Glassboro, New Jersey
July 24, 2018
July 24, 2018
July 26, 2018
FYEE Conference Sessions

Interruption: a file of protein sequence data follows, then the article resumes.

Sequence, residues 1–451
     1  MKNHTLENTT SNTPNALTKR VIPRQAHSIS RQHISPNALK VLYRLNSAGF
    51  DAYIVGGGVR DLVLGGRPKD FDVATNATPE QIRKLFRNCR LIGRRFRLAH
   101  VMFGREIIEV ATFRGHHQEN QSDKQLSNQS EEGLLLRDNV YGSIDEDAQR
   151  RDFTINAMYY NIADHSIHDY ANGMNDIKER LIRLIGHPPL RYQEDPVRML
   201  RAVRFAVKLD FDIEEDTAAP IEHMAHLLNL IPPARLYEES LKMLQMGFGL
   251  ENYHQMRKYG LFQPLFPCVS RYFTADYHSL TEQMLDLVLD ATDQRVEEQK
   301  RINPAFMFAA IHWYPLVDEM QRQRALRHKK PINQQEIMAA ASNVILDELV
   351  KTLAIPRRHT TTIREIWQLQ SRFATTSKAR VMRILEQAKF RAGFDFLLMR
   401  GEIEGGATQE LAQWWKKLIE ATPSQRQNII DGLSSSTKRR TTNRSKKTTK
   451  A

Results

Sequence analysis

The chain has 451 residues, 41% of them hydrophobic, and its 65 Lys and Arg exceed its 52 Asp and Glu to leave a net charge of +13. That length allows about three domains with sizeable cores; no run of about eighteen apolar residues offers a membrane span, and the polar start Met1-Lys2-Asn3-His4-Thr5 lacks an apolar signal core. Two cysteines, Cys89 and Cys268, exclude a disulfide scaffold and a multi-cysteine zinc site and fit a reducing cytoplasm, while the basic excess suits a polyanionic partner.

Growth Pains of A Summer-Bridge Program Stephen Roberts, University of Florida, firstname.lastname@example.org Abstract Since 1993, the University of Florida's Herbert Wertheim’s College of Engineering has conducted a first-year bridge program for underrepresented students entering the college. The program, entitled the Successful Transition through Enhanced Preparation for Undergraduate Program (STEPUP), consists of two major components which take place during the students' first academic year; a six-week summer residential program and an eight-month, non-residential program. The residential component of the program is the most rigorous and intensive and was developed to address challenges that negatively impact first-year student success. The summer component includes abbreviated classes in General Chemistry, Calculus, Project Design, Introduction to Research, Health and Fitness and Machine Learning. Additional activities include, evening study halls, corporate tours, a corporate speaker series and student development workshops aimed to promote the holistic development of the student (An Academic, Professional and Personal Holistic Development Model). The non-residential component of the STEPUP program takes place during the fall and spring semester and involves peer mentoring, academic support and additional A.P.P Holistic Development programming. History of the Summer-Bridge Program at UF In 1994, The University of Florida received funding from the National Science Foundation (NSF) Southeastern University and College Coalition for Engineering Education (SUCCEED) program. These funds were used to spearhead college efforts in addressing poor retention rates for underrepresented student populations (URM’s) within the major. On average, URM SAT scores were found to be lower than a score of 600 on the college entrance exam. The Minority Retention Success (MRS) program was created and structured as a non-residential program targeting students from underrepresented populations in to bolster their strengths in calculus, chemistry and physics. The program also endeavored to expose these students to other resources in the form of positive mentors, computer skills, tutoring/study halls and team or cohort building activities. In 1995, the program was revised to include a residential component to address concerns related to poor class attendance and a lack of involvement in other program activities experienced in the MRS model. The combination of the six-week residential program with an eight month, non-residential program resulted in the creation of the Successful Transition and Enhanced Preparation for Undergraduates Program, or STEPUP. The first fourteen years of the program were met with extreme success. Average URM participation in the program was 54% African American, 40% Hispanic-Latino and 27% Women. Participation in the program was determined by self-selection and grade point averages for students participants prior to 2008 was on average .2 to .3 points lower than the general engineering student population. However, in spite of the slightly lower grade point average, first-year attrition rates for STEPUP participants was only 17% in comparison to 34% for non-program participants. (Roberts, et.al. 2009). By year two, attrition rates for STEPUP participants increased to a total of 33% in comparison to 44% percent for non-STEPUP participants. Further, five-year graduation rates for program participants was higher than students electing not to participate in the program. (Roberts, et.al. 2009).